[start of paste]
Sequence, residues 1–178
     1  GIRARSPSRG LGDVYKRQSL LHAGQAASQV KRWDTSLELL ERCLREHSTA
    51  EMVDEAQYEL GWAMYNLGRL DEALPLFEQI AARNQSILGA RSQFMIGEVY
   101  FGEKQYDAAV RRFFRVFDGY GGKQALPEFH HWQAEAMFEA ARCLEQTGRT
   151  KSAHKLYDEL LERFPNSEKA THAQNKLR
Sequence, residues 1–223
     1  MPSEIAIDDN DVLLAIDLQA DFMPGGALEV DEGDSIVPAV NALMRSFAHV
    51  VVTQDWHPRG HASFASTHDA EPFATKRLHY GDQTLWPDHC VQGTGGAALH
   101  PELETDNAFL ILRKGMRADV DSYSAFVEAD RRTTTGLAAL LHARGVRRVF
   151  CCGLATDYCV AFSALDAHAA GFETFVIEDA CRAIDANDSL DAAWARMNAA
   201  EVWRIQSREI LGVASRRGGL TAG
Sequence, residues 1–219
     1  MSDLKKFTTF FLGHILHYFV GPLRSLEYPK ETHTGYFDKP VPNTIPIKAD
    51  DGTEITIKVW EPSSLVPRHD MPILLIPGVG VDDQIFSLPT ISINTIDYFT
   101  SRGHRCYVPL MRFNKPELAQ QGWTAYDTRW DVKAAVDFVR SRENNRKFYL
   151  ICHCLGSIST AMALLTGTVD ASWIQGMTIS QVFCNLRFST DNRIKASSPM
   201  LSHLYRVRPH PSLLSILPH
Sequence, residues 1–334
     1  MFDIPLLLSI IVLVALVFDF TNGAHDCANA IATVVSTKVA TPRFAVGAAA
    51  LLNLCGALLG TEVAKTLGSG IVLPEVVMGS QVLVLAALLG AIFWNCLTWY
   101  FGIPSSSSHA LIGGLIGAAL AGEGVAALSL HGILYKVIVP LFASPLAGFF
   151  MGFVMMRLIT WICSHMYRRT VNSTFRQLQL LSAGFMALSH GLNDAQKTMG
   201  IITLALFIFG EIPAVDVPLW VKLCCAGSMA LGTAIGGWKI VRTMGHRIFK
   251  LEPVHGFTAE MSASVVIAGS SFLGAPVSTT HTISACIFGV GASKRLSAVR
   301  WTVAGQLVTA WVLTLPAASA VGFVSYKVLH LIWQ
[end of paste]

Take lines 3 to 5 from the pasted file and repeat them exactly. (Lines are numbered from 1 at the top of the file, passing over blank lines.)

    51  EMVDEAQYEL GWAMYNLGRL DEALPLFEQI AARNQSILGA RSQFMIGEVY
   101  FGEKQYDAAV RRFFRVFDGY GGKQALPEFH HWQAEAMFEA ARCLEQTGRT
   151  KSAHKLYDEL LERFPNSEKA THAQNKLR